ST. AUGUSTINE, Fla. — Chuck Meide and Nick Budsberg, archaeologists with the St. Augustine Lighthouse weren't allowed in the museum yesterday. “We haven’t been able to go into the office because of the coronavirus," Meide said in a Facebook Live video Thursday while exploring something really cool outside on the shore. Two shipwrecks.
"It's more like a boat than a shipwreck," Meide said in the video.
But it's cool none the less.
Here's what he said about the find.
Chuck Meide, of LAMP (Lighthouse Archaeological Maritime Program)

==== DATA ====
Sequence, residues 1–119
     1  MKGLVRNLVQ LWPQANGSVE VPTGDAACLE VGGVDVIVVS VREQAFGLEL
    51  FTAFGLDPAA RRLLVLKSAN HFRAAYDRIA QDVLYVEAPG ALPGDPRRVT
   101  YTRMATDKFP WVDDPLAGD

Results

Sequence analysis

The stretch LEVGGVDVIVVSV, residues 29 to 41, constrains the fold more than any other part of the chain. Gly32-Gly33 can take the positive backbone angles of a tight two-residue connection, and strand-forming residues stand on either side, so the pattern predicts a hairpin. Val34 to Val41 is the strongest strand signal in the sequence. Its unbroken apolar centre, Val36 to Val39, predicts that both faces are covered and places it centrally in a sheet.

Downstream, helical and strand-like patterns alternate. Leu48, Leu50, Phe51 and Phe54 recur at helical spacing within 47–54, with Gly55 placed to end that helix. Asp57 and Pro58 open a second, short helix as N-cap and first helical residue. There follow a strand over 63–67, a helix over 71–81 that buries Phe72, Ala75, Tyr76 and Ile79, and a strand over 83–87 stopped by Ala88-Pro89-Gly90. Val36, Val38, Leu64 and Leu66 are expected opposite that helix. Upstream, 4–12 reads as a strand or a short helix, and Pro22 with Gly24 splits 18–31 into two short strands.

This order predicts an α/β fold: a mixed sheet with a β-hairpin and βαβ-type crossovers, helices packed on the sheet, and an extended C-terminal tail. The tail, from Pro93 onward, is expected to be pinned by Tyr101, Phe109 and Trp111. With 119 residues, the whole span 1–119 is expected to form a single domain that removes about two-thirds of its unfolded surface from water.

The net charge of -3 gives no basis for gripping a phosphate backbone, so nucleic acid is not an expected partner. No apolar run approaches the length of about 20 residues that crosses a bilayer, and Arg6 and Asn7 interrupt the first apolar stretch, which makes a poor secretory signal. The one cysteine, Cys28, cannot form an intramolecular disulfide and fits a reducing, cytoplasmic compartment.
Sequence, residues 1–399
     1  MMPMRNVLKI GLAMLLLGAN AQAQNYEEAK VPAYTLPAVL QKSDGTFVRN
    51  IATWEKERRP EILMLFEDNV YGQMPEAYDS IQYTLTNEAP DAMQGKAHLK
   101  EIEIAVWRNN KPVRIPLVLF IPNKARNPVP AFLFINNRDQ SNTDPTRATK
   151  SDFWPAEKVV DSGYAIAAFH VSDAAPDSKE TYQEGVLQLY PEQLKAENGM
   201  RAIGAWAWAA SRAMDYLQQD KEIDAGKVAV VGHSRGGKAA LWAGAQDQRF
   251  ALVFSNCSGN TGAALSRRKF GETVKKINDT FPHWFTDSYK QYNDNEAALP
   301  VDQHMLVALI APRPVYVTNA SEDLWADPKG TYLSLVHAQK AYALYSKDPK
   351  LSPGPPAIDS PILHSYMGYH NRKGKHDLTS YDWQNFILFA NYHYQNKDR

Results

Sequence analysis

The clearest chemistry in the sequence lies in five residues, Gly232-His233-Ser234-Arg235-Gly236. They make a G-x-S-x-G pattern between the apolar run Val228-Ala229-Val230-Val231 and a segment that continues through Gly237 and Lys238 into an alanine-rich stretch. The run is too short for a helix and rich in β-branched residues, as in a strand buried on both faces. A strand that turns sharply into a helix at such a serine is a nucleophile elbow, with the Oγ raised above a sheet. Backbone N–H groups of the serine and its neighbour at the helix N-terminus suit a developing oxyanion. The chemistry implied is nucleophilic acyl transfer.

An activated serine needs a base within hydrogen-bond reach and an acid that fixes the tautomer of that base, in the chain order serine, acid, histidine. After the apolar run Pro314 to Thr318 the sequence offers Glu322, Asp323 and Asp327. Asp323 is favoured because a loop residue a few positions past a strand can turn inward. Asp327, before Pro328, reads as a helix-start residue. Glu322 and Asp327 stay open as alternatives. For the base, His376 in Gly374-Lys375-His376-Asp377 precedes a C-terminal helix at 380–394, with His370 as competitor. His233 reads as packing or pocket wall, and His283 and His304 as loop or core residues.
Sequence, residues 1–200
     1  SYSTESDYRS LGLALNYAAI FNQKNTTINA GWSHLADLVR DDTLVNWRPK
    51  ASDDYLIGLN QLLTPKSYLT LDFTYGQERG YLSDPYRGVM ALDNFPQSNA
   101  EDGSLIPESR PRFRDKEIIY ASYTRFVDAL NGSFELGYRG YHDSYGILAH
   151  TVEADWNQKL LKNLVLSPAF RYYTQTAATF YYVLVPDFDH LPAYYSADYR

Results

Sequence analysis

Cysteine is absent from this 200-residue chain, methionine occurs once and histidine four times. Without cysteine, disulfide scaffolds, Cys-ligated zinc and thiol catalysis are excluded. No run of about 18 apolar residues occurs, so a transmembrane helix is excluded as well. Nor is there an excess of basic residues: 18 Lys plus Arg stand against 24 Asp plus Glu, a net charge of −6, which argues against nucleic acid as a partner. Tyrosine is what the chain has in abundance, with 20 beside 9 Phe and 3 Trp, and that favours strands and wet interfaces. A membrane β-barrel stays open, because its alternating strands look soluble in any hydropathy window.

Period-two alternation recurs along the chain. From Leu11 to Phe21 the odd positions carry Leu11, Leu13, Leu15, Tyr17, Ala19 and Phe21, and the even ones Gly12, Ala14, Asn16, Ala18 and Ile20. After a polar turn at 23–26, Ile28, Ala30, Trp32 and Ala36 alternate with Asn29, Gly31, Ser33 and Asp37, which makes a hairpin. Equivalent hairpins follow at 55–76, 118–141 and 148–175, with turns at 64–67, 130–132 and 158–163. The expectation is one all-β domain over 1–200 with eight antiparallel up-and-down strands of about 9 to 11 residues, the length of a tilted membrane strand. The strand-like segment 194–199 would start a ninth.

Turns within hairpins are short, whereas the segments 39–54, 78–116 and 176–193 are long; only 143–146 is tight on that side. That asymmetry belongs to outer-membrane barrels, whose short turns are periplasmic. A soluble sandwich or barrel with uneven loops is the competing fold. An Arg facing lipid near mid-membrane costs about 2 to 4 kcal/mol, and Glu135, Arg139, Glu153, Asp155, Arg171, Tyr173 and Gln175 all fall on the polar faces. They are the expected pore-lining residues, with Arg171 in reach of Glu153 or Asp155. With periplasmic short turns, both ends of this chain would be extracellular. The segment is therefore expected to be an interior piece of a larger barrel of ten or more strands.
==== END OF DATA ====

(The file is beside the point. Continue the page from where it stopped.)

"LAMP was contacted by a colleague who had seen a Facebook post with video of a wooden boat or ship wreck at the Mayport jetties. Once it was brought to our attention, we decided to go investigate, and set out to do so the following day, on 19 March 2020. We found the location in question after a short reconnoiter of the beach along the St. Johns River near the jetties. There we found not one but two wooden wrecks. They represent two seemingly partially intact boats. They are too lightly built to have been ocean going ships, but instead were large boats that are now partially buried. What appears to be the forward ends or bows of these boats are exposed, with the larger or more exposed boat displaying about 21’ of its overall length, which we estimate to have been originally around 30 to 32’. It was about 7 to 8 feet wide and built with wooden frames or ribs sandwiched between outer hull planking and inner ceiling planking. The second boat has so little exposed that we can not accurately estimate how big it might have once been. We observed nail holes that were square in cross-section, suggesting that an older style of nail was used to build this boat, rather than modern, wire-cut nails. The more exposed boat features what appears to be the stump of a mast, so it was likely meant to be sailed. It is difficult to estimate the age range of this boat, but it could easily be 75 to 100 years old, and possibly older. One local resident said he thought these boats were abandoned wreckage dating to Hurricane Dora in 1964, and they could have been used for decades before that, perhaps as fishing boats. One of the two boats was lodged next to some robust timbers that appear to be the remains of an old dock."